The Poverty Project was designed to engage students in activist research with impoverished populations in Horry County. Professors Sara Brallier and Stephanie Southworth, along with students in their Sociology of Poverty, Social Inequality, Sociological Analysis, an Methods for the Social Sciences courses, will engage in collaborative research with several agencies serving the impoverished in Horry County – Churches Assisting People (CAP) Food Panty in Conway, New Directions Homeless Shelters, and the East Coast Homelessness Organization (ECHO). The research projects are designed to guide students through the processes of (1) assessing the needs of low income individuals and the ability of local agencies to meet their needs, (2) educating community service organizations and the general public about the needs; and (3) creating fundraising and educational opportunities to help agencies and the general public to better serve the impoverished.
Wall College of Business Administration
Wall Program for Academic Support and Success
The purpose of the Wall PASS (Program for Academic Support and Success) is to give business students who are struggling academically the guidance and tools to pass their courses and succeed academically. The objective of the program is to increase the spring to spring retention rate of business students on probation above 55 percent by spring 2020. Students in the program attend a course on learning and life skills, work with the business tutors, and develop a plan for academic success with their advisors.
Coastal Cycles Program
Coastal Cycles bike program has reached a tipping point for the program. We currently have major space issues concerning the storage of bicycles. Demand continues to outpace supply and this semester we are running right at a 100 percent rental rate. With this demand, we feel that we could possibly increase the total offering to 1,000 bikes, but also seek funding for maintaining the fleet we currently have.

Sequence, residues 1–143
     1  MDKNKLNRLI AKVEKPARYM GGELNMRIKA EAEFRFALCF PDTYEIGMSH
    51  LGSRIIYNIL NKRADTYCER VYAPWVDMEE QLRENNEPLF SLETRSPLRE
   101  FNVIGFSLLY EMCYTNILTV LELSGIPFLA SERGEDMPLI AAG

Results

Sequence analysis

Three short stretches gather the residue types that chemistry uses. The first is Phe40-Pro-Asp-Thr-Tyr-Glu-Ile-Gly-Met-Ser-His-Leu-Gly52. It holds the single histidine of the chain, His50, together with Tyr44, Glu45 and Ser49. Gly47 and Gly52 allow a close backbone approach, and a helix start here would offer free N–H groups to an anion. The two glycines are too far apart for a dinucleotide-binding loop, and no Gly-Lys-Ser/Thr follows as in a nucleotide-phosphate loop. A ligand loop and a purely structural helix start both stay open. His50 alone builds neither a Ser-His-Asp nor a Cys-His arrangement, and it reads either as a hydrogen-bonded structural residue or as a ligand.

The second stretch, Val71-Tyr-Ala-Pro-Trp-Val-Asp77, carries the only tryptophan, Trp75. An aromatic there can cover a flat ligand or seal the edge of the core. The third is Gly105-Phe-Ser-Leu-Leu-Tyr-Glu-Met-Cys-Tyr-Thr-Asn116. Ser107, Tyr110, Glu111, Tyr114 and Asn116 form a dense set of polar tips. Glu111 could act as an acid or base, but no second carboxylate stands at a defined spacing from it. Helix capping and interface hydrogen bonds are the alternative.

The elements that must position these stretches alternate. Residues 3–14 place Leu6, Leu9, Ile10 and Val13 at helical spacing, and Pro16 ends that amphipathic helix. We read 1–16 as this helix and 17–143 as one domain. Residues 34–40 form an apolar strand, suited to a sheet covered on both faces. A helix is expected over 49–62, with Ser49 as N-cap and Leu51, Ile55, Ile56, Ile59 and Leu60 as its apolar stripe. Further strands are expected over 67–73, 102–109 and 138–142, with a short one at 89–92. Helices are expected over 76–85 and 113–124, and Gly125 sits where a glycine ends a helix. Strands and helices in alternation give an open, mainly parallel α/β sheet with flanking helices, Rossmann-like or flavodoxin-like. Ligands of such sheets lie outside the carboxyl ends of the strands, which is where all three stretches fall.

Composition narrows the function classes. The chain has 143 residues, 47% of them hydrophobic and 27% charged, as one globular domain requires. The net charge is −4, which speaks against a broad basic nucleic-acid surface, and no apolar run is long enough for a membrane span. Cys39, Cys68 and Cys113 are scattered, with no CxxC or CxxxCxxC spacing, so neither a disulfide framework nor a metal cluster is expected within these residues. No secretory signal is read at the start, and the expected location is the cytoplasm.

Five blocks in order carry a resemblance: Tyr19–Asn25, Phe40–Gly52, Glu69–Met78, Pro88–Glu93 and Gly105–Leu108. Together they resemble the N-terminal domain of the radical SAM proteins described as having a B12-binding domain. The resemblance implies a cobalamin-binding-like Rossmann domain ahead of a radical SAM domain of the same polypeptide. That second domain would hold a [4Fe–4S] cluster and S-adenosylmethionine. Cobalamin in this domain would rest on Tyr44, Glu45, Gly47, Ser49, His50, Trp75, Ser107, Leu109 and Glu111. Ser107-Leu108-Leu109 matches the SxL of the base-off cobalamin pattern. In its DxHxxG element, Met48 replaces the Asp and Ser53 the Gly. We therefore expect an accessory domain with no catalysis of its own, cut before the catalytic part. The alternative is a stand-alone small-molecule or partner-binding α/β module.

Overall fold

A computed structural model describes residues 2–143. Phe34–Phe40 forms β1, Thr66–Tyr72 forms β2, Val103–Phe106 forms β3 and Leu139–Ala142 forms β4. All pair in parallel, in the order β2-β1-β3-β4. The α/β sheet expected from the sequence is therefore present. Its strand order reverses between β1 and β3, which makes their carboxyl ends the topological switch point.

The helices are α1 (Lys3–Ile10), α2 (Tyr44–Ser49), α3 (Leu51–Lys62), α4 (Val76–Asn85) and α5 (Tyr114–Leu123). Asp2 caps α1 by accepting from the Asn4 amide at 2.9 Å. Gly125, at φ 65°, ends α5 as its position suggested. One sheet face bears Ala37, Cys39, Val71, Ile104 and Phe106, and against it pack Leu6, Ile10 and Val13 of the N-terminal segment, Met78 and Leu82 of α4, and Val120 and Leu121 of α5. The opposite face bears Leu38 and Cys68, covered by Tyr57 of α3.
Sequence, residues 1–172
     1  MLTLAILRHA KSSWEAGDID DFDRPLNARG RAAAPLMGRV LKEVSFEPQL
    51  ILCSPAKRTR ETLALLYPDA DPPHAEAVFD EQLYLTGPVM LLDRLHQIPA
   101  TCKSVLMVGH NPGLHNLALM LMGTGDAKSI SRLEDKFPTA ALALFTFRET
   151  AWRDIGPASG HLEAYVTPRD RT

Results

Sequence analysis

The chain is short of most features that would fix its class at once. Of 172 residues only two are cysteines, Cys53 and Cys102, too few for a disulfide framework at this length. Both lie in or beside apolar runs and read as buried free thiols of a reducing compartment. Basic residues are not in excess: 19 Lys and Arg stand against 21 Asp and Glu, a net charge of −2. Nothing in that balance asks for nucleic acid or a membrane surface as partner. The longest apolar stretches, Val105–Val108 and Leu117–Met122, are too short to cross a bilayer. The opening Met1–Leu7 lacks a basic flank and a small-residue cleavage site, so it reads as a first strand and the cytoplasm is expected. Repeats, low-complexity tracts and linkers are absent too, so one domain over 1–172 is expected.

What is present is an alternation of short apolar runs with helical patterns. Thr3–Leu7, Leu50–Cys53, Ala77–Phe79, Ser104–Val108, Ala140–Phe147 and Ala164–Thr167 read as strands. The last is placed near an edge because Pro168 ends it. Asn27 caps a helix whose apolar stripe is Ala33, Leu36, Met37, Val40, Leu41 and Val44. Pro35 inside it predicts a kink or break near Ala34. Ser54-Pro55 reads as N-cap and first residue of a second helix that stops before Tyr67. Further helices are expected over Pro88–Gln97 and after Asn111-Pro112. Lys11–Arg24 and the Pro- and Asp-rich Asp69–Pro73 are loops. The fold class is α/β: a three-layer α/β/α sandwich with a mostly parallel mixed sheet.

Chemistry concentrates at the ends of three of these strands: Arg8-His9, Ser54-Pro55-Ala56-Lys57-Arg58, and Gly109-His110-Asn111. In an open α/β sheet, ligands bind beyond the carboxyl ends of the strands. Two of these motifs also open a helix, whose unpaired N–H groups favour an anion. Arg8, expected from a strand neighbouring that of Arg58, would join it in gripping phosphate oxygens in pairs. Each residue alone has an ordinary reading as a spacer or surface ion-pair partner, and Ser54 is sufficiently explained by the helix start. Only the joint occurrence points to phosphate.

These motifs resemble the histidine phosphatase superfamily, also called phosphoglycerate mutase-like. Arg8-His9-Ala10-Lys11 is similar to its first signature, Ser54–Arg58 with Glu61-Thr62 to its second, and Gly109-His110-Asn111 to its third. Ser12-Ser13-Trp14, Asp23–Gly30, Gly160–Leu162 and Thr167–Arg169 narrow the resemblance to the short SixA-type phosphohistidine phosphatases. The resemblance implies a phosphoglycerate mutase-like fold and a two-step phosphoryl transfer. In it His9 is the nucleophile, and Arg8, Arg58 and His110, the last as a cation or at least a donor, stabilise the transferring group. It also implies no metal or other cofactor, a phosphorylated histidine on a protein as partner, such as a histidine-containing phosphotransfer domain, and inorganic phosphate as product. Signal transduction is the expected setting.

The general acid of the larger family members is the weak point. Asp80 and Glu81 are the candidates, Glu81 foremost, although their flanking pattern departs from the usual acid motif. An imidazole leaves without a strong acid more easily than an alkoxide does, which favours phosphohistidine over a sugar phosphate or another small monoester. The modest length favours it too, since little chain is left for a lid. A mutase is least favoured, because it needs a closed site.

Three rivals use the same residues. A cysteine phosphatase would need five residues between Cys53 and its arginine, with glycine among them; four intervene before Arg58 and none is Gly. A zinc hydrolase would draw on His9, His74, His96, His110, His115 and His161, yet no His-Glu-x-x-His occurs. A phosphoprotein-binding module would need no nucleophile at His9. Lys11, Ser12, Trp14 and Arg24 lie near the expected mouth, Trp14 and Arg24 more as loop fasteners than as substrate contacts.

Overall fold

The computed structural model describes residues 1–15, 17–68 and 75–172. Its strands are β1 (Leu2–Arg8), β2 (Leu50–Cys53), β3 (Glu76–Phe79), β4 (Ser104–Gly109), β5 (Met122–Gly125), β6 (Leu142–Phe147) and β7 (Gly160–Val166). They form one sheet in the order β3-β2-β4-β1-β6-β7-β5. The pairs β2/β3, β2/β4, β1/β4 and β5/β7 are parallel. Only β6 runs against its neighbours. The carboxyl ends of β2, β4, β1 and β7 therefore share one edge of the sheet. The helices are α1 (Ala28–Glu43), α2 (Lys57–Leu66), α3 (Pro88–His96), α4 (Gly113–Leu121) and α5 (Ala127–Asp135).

Our request is for this funding is to supplement this program and help finance the growth. The money will be used to help purchase additional bikes, and gain additional bike parts for maintenance. Monies will also be used to hire additional Bike Technicians to help keep the bikes in service. We would gradually grow this program by 100 additional bikes yearly until the demand slows down.
During the summer of 2017, Counseling Services conducted a benchmark study to compare our practices to those of our peer and aspirant institutions. In conducting this study it was discovered that all 11 peer and aspirant institutions have counseling services that are accredited by the International Association of Counseling Services Inc. (IACS), which is the organization that accredits university counseling centers. Counseling Services will pursue accreditation in 2018.
IACS accreditation is expected to improve the quality of services offered to CCU students and therefore, support their achievement in their education. As a result of becoming accredited, it is expected that we will know what additional resources and services we need based on standards in our field and we will acquire those resources and initiate new services. It is also expected that accreditation will lead to positive attitudes toward the professionalism of Counseling Services among faculty, staff and students.
Increasing achievement in MSCI
This Department of Marine Science program seeks to increase student performance in MSCI 111 and MSCI 112 lecture courses and 2) upper level student achievement in marine science core courses by 2 percent relative to AY 2016-17 performance by spring of 2020. Program participants enrolled in 100 level MSCI courses attend MSCI tutoring sessions, experiential learning experience(s), and evening educational media event(s) during each semester. Upper level MSCI students staff program tutoring sessions, experiential learning experiences, and events and benefit from concept reinforcement while mentoring younger students.
Office of the Provost